JNU: Protesters bring top India university to its knees
Thousands of students protesting a hostel fee hike have brought one of India's most prestigious universities to a standstill for almost a month. BBC Hindi's Vineet Khare spent a day at Jawaharlal Nehru University (JNU), to find out more.
"I told the policeman I was a blind student. I asked him to stop hitting me as I couldn't even run away. But he said why did you join the protest if you were blind?"
Shashibhushan Samad is lying on the bed at his JNU dorm room, recounting a protest rally on Monday where thousands of students clashed with police. Many received injuries and had to be taken to hospital.
In a video that has since gone viral, Mr Samad can be seen removing his glasses to show policemen that he cannot see, but he is still pulled away.
"I was crushed under their feet. Someone hit me on my knees and stomach. They stomped on my back," he says, baring his torso to show me the marks.
For almost four weeks now, students have been protesting against an increase in accommodation fees at the top university.
Under the new proposed fees, students will have to pay between 1,800 rupees ($25; £20) and 3,600 rupees ($50; £40) every year for housing on campus. They were previously paying between 120 rupees ($1.60) and 240 rupees ($3).
They will also have to pay for other services - such as electricity and sanitation - which they say they have never had to do before.
Many say that the new structure is prohibitive, particularly for students from poorer backgrounds, and will affect its standing as an inclusive institution.
A renowned centre for teaching and research that provides education at a fraction of the cost charged by its private counterparts, the government-run JNU is a highly coveted university.
Its alumni hold sway in the bureaucracy, journalism, the police and a host of other public and private sector jobs.
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Private education in India is still unaffordable for the majority of the country's population and jobs in government institutions are limited. JNU, its supporters say, plays an important role in remedying that.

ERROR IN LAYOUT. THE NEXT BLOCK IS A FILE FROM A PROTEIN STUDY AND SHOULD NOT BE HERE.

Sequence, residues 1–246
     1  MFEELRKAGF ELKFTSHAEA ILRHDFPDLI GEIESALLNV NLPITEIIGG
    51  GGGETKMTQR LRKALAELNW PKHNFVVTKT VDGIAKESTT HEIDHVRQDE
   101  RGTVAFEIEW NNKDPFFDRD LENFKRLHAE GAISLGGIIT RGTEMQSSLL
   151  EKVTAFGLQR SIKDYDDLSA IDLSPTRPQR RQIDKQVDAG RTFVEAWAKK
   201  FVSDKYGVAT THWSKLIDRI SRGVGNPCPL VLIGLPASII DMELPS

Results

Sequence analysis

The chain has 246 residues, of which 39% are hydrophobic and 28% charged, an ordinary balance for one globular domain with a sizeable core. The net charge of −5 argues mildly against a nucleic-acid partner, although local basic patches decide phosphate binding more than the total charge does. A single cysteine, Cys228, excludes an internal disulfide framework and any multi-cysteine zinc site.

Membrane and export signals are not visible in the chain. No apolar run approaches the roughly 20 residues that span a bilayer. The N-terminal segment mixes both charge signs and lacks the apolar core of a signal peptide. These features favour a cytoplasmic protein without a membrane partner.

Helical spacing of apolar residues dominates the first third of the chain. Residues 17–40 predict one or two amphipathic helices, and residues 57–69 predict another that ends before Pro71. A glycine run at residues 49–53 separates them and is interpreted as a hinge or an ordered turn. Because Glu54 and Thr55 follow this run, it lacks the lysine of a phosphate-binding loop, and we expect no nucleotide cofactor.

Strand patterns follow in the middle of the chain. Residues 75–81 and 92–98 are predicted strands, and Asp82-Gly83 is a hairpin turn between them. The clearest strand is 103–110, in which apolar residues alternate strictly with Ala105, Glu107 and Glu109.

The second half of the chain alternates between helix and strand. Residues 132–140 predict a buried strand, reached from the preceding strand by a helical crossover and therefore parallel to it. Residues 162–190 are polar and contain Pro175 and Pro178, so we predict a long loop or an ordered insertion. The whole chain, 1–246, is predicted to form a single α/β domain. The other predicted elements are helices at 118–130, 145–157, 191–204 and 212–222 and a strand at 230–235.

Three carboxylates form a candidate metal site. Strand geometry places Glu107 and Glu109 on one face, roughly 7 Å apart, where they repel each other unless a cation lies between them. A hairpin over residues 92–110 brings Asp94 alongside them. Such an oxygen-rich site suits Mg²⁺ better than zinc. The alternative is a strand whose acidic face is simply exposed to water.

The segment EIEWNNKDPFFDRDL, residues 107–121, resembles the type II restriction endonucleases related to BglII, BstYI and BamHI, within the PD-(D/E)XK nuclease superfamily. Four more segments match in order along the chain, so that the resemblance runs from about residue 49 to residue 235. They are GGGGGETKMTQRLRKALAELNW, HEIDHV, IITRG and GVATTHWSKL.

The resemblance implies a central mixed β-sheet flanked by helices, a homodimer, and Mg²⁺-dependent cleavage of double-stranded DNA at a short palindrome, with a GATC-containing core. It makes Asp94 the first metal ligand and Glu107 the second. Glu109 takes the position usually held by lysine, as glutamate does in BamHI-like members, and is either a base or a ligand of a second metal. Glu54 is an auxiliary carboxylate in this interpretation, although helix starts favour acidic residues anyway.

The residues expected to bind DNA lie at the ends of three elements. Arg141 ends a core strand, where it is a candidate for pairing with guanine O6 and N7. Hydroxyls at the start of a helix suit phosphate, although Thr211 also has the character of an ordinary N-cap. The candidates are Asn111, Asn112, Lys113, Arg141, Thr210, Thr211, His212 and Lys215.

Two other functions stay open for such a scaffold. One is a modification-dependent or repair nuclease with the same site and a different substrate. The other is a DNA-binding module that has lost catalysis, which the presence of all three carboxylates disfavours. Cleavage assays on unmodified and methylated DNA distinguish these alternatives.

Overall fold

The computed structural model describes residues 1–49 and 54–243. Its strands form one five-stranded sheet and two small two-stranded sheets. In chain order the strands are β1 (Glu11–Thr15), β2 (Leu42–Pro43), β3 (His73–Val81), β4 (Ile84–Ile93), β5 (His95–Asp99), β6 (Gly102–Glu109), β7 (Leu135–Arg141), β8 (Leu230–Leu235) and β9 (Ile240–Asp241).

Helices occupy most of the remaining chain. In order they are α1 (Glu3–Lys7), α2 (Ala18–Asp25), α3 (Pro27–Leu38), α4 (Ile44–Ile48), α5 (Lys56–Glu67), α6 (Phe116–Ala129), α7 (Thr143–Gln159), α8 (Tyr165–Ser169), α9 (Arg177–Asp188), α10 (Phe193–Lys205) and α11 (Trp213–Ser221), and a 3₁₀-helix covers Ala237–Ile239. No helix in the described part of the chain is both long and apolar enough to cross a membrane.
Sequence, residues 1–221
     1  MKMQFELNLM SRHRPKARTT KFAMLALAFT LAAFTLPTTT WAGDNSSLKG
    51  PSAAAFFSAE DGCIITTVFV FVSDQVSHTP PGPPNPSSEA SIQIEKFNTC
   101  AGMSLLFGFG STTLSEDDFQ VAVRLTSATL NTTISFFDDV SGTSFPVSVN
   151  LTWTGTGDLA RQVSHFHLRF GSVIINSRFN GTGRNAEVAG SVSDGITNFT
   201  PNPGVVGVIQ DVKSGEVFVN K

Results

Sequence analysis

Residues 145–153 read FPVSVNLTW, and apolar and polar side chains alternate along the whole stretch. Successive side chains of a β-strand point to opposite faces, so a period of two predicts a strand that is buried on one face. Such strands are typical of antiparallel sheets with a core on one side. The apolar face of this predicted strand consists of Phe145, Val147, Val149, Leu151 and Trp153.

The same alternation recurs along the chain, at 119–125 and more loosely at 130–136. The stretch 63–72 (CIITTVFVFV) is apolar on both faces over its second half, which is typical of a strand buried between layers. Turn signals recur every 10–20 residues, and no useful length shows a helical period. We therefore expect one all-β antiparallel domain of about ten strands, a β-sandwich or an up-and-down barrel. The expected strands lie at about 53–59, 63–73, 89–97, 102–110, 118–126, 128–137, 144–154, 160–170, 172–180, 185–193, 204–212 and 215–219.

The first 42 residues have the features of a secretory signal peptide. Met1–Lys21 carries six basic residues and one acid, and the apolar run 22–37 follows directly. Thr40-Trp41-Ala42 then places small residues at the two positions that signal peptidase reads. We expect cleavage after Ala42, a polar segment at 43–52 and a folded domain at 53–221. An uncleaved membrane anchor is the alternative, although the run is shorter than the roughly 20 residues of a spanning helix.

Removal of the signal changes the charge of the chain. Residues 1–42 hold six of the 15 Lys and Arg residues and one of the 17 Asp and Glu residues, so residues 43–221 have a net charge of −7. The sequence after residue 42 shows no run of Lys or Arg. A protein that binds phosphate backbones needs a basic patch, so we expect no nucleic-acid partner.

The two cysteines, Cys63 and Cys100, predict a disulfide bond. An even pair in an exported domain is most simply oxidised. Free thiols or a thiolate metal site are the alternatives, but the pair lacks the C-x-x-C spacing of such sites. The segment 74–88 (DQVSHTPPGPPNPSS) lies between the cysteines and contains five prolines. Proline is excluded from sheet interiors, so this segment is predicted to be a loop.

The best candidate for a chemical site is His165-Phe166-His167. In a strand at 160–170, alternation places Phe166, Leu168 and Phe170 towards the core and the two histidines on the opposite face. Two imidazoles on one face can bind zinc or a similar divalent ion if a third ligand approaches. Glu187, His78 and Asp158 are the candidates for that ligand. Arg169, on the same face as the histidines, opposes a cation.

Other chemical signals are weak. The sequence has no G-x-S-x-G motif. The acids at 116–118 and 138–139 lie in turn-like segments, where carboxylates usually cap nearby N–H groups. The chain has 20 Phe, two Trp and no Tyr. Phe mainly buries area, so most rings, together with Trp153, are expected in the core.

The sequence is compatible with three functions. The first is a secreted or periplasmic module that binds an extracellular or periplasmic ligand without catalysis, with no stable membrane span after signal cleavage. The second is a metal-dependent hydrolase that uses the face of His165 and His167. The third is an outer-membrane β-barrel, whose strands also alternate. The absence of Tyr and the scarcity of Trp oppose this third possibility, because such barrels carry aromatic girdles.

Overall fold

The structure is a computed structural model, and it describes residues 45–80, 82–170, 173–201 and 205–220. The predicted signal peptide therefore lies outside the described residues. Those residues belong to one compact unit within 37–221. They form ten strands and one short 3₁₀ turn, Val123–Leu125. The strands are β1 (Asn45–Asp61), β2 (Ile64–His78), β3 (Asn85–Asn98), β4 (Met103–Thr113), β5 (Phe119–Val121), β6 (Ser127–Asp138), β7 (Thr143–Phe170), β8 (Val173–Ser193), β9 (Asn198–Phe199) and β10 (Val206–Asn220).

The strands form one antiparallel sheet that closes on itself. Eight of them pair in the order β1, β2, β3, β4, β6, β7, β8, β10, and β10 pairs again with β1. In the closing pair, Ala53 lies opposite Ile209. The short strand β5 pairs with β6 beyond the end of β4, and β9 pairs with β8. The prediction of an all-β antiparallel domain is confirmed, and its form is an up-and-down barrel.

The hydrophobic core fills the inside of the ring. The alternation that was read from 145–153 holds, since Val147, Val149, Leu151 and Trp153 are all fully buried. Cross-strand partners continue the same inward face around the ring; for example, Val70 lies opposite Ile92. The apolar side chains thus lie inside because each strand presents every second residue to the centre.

"The democratisation of the elite has long-term consequences for the healthy development of Indian society. So we need a lot more institutions like JNU," said former vice chancellor Dr YK Alagh.
Ali Javed, a student, has surveyed 463 students on campus and his findings are doing the rounds among the protesters. The survey claims that a "significant percentage (42%) of students fall below the annual household income of 144,000 rupees ($2,000)".
"There are students who go hungry, walk miles instead of hiring a taxi and wear damaged shoes to save money. Some work shifts to pay back family debts. Can we not have an institution where students from the marginalised communities can study?" Mr Javed said.
The JNU administration says a revision of fees had been due for years and that dorm room rent had not been "revised in the last three decades".
Nearly 8,000 students study at the university, of which about 60% live on campus, say students.
At an earlier protest, students gathered outside an auditorium to attract the attention of a federal minister who was inside but they were forced away by security forces who used water cannons to disperse them.
Things went south at the latest stand-off on Monday, where police used barricades and a large force to scuttle a planned student march to the parliament. The police response led to scores of injuries among students.
MS Randhawa, a senior police officer in Delhi, said that police "exercised maximum restraint" and "students may have been injured as they tried to break down barricades".
But the university, seen as a bastion of the political left by many, has long been in the thick of controversy. Students at JNU have been reviled by critics - most of whom are from the upper-middle classes - for being "freeloaders", "parasites" and a burden on taxpayers.
These narratives have resurfaced following the latest student protest.
The present chaotic situation at JNU has meant that many students are left uncertain about their future.
For Jyoti Kumar, who is pursuing a masters degree in Russian, the hike in fees may force her to drop out. Her father is a farmer, who earns between 70,000 and 90,000 rupees ($975 and $1,253) every year.
"My father hasn't been able to process the fee hike," she said. "My younger sister and brother also want to study at JNU, but how can they study here with this fee hike?"